New Jersey's famously combative Governor Chris Christie, and the state's Democratic legislative majority continue their standoff. Despite two vacancies on the state's high court the Senate President Stephen Sweeney refuses to schedule hearings on the Governor's two nominees.
The battle began when Christie broke a fifty year tradition when on ideological grounds he refused to nominate for tenure John Wallace - who was two years from the constitutional retirement age of seventy. In the coming year two more justices initial terms end - one is the Chief Justice Stuart Rabner.
The New Jersey Law Journal editorial board this week strongly backed Associate Justice Barry Albin's `call to arms' to the bar to support judicial independence: here the tradition of non-political renomination.
In a second piece 'Two wrongs..." the Board criticizes the Senate Democrats' refusal to schedule hearings for the two vacancies on the court, which are filled by temporary assignment of the most senior Appellate Division judges. The editorial asks rhetorically
So why is Senate president Steve Sweeney saying we should wait until after the November elections? Perhaps some who support Sweeney's strategy claim that since Christie has essentially declared his intention to reshape the court, to undo such judicial decisions as the Abbott v. Burke school funding ruling, the confirmation process has become just another part of the ideological battle, as it has long been in Washington.For fifty years - since the landmark product liability case Henningsen v. Bloomfield Motors, the New Jersey Supreme Court and judiciary have operated in a center-left milieu. Christie vowed to break that egg. I am among those who take him at his word.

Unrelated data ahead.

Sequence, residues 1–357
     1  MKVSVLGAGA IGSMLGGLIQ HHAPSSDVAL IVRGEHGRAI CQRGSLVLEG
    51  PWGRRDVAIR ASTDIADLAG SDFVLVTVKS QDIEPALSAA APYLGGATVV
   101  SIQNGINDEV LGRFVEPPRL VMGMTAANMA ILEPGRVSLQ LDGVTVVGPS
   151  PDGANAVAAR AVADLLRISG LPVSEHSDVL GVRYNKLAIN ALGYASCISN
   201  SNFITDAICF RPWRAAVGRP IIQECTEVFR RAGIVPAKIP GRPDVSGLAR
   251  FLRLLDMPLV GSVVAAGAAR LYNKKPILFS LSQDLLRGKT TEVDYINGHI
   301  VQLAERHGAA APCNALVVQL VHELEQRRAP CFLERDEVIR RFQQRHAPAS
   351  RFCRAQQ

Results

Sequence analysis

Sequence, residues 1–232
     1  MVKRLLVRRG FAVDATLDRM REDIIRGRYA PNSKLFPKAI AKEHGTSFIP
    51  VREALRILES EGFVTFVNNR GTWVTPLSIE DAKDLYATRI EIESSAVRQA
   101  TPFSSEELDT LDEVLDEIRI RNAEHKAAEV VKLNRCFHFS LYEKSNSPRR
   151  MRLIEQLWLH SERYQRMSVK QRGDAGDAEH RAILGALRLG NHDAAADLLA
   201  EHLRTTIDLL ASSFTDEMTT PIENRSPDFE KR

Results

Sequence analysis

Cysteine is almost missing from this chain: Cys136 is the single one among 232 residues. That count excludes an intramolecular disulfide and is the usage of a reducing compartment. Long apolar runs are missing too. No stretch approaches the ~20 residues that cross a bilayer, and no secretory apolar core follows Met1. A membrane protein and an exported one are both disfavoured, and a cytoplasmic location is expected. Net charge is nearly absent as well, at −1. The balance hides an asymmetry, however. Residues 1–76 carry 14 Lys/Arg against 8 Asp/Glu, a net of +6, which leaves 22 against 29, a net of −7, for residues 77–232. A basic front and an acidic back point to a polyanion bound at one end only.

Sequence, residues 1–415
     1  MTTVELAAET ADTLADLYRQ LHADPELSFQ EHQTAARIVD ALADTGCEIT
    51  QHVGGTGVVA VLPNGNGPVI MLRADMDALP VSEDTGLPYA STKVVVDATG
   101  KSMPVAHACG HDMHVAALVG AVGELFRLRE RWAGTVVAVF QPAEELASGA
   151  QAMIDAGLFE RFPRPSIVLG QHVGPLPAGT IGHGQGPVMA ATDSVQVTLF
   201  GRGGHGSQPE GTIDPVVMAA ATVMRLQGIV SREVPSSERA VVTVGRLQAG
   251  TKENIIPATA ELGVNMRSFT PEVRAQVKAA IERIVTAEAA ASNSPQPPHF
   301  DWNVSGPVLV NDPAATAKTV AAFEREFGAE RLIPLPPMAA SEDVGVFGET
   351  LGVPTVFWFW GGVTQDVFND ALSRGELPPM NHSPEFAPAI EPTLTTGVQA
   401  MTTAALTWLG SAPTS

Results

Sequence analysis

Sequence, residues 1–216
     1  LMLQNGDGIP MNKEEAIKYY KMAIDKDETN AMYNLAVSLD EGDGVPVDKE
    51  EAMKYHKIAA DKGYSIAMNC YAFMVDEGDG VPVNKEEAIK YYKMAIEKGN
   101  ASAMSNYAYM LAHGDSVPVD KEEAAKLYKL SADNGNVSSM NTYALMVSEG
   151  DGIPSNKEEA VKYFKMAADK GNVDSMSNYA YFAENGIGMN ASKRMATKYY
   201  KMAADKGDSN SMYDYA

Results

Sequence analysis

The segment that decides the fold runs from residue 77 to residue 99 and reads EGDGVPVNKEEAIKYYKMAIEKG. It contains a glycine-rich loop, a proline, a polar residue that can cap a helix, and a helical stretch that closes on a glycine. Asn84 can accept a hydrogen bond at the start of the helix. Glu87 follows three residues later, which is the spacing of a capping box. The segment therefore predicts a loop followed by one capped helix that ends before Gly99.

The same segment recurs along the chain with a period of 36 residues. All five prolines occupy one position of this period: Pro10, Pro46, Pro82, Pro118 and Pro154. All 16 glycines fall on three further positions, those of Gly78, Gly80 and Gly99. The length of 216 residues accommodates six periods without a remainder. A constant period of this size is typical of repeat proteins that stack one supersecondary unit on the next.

Senate President Sweeney has said they will address the pending Hanna and Baumann nominations after the November elections: when both he and Christie will presumably remain in place. Looming then will be expiration of the seven year term of Chief Justice Stuart Rabner, a moderate Democrat. Christie's decision then: to nominate the Rabner for tenure or not will be the overriding issue.
Next June Chief Justice Rabner's probationary term expires. No Chief Justice has been denied tenure since the current court was created by the New Jersey Constitution of 1949, an event that in modern New Jersey political-legal history has assumed mythic proportions.
No choice Christie faces will be more consequential for his state than the Rabner decision. That will determine the direction of New Jersey law and politics for a generation. (Rabner is seventeen years from retirement age.) And it will be a critical moment for Christie, who must choose between his Bruce Springsteen angel and his Tea party sirens. His predecessors - Thomas Kean and Christine Whitman shared Republican antipathy for higher taxes but otherwise broke little glass.